Shake-ups of who is selling cannabis in Saskatchewan shouldn’t come as a surprise, according to Jason Childs.
Childs, an associate professor of economics at the University of Regina, said it was predicted prior to legalization.
Cannabis company Westleaf announced Tuesday that it had struck a deal to buy two Saskatoon cannabis shops once the stores are up and running, pending government approval. A second company, Alberta-based High Tide, made a similar announcement on Wednesday.
Westleaf already owns one store in Warman and has plans to open up shops in British Columbia, Alberta and possibly Ontario — all under the chain name Prairie Records.
Partnering with big operators a trend
It likely won’t be the last time that a national or international company has stepped into the provincial pot scene.
One pot store based in North Battleford sold its retail permit last October, right after legal pot stores first opened.
In December, a Regina shop owned by a local family opened its doors in partnership with Tweed, a large cannabis corporation. Tweed operates multiple shops across Canada and is a subsidiary of international company Canopy Growth Corporation.
“The expertise that goes into running a retail operation like this is going to have some value, so there’s going to be benefit to the local stores handing over to the day-to-day operations,” Childs said.
He said partnerships and takeovers can lead to a concentration in the market which could then become an oligopoly.
“You’re not just seeing one big owner, we’re seeing Westleaf, we’re seeing Canopy through Tweed, we’re going to see Aphria and Aurora, as well,” he said.
Childs said there are some concerns that come with a concentrated industry — one of them being regulation.
“You have these major retailers coming in and they basically control the legal market,” he said, adding problems can arise if things aren’t going the way major retailers want.
“They start making appeals to SLGA or the provincial government or whomever to change the rules under which they operate to benefit them.”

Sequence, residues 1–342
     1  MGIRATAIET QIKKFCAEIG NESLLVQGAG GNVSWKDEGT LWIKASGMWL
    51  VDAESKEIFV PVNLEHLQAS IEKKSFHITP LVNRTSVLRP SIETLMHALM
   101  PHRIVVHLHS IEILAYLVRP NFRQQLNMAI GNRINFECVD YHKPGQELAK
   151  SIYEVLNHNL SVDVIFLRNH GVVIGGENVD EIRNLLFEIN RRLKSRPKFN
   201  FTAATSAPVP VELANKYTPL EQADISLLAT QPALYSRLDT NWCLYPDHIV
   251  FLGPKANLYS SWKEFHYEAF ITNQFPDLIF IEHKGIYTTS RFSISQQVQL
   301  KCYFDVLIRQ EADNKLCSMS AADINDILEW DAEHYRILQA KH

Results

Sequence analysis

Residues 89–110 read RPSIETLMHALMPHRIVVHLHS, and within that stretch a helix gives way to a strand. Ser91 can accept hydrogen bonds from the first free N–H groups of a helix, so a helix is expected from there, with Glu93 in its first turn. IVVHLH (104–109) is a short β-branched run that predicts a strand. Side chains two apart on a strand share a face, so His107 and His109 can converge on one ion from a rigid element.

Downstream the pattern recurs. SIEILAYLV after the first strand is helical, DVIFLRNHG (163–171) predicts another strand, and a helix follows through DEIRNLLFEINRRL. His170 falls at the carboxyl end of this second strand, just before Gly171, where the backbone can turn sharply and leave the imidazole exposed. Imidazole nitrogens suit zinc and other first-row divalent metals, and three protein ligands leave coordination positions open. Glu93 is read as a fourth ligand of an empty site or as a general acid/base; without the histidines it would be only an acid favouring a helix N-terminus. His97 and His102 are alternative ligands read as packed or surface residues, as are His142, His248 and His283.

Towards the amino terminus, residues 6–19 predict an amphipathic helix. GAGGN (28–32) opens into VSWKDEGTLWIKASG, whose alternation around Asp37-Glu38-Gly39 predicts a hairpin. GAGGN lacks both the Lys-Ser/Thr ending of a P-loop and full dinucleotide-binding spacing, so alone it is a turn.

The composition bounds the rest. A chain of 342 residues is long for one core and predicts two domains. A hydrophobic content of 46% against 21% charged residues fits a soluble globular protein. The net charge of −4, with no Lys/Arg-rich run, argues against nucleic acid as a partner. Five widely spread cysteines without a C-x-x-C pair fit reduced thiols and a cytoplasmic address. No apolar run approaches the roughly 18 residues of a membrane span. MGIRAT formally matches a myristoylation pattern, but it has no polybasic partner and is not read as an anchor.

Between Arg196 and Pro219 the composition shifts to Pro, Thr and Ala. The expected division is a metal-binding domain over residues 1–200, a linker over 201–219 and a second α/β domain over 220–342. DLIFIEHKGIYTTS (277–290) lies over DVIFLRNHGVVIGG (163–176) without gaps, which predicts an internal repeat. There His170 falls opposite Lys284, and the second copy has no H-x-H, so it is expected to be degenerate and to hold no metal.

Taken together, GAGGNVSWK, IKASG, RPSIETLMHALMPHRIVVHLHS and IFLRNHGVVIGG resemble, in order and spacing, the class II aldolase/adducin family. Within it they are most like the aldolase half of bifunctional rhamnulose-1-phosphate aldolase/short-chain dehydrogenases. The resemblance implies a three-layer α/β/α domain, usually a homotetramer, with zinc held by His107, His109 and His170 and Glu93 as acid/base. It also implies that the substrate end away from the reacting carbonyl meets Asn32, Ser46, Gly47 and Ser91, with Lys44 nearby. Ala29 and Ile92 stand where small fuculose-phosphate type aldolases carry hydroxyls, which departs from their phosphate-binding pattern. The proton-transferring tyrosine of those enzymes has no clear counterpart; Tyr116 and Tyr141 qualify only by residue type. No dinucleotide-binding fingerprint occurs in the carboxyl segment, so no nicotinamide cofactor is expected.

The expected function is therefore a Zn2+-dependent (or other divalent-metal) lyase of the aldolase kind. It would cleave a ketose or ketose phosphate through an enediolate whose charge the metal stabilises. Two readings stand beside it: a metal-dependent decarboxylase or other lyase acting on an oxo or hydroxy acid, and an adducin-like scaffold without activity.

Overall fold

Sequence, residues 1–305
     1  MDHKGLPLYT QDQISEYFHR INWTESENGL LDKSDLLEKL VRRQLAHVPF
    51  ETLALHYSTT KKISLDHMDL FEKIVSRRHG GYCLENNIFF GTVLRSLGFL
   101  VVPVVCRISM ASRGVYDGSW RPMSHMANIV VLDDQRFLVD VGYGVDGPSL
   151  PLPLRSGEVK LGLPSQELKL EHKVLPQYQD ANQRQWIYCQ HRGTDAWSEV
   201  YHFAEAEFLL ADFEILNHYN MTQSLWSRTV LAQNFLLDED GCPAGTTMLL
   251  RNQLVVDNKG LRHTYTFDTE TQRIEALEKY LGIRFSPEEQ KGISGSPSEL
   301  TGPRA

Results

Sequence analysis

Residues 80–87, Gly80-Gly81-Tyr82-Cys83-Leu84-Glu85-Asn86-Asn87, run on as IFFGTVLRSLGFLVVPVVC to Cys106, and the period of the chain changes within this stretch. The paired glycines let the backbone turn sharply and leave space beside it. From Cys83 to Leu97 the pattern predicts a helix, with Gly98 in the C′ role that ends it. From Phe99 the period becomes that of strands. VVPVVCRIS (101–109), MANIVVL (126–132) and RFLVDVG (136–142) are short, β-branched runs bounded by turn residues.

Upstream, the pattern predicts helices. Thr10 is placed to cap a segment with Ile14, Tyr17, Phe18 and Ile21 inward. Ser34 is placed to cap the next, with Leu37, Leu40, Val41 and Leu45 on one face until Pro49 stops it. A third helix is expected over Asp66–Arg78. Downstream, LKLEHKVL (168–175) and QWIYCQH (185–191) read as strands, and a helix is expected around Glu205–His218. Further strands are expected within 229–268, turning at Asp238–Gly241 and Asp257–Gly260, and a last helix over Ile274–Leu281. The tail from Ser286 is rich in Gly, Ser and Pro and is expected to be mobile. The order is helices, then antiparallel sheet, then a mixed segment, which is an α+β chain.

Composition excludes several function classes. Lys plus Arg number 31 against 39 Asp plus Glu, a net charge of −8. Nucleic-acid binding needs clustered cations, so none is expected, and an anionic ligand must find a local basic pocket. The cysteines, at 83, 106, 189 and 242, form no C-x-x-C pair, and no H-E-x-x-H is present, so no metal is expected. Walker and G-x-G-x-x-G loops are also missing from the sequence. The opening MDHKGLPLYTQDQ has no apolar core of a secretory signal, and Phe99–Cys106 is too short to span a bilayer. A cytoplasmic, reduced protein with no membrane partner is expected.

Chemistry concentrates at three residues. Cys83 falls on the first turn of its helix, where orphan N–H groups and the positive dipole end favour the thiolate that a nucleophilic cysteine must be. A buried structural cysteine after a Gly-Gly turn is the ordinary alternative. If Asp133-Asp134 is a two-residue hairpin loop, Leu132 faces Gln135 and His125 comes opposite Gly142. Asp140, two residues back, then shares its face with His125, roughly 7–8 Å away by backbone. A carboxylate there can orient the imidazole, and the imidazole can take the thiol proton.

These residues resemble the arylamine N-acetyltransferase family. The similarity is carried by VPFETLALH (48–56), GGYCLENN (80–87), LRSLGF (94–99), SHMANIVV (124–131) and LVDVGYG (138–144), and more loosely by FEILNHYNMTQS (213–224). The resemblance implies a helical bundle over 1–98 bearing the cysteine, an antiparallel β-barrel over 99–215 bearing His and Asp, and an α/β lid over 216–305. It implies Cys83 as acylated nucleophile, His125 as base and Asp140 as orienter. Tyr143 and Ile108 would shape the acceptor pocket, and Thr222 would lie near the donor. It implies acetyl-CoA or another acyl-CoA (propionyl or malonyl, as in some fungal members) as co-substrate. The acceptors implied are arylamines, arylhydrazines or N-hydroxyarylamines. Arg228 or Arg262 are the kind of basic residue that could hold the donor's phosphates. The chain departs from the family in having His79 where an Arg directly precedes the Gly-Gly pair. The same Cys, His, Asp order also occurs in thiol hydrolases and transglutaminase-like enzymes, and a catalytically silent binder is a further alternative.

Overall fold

Childs said this has been seen in multiple industries, including banking, airlines and brewing. He said industries often flow in a cycle, “and a lot of that cycle depends on what’s going on with the regulations.”
He said the beer industry is trending the opposite way of its cannabis counterpart. Although the beer industry began with independent operations that amalgamated to form two giants, Labatt and Molson, “now we’re seeing this massive explosion of craft and micro-brewing,” he said.
High Tide wants in
On Wednesday, another company said it’s buying Saskatchewan stores.
Alberta-based High Tide Inc. cannabis company announced it signed letters of intent to buy two cannabis retail shops in Saskatchewan. In a release the company said it expects the sale to close at the end of February.
High Tide currently runs Canna Cabana and Kushbar stores in Alberta.
Minister says buyouts aren’t surprising
Gene Makowsky, Minister Responsible for SLGA, agreed that movement in the cannabis industry isn’t surprising.
“That happens in any retail environment. Somebody doesn’t want to own a hardware store anymore, and they sell it out to whoever may be interested in buying,” Makowsky said.
He said the government didn’t know how much movement would happen among permit holders prior to legalization.
“it’s up to each individual who has set up as shop and received a permit if they want to get out of it.”
He noted all hopeful retailers must go through the “good character” check before they get the green light.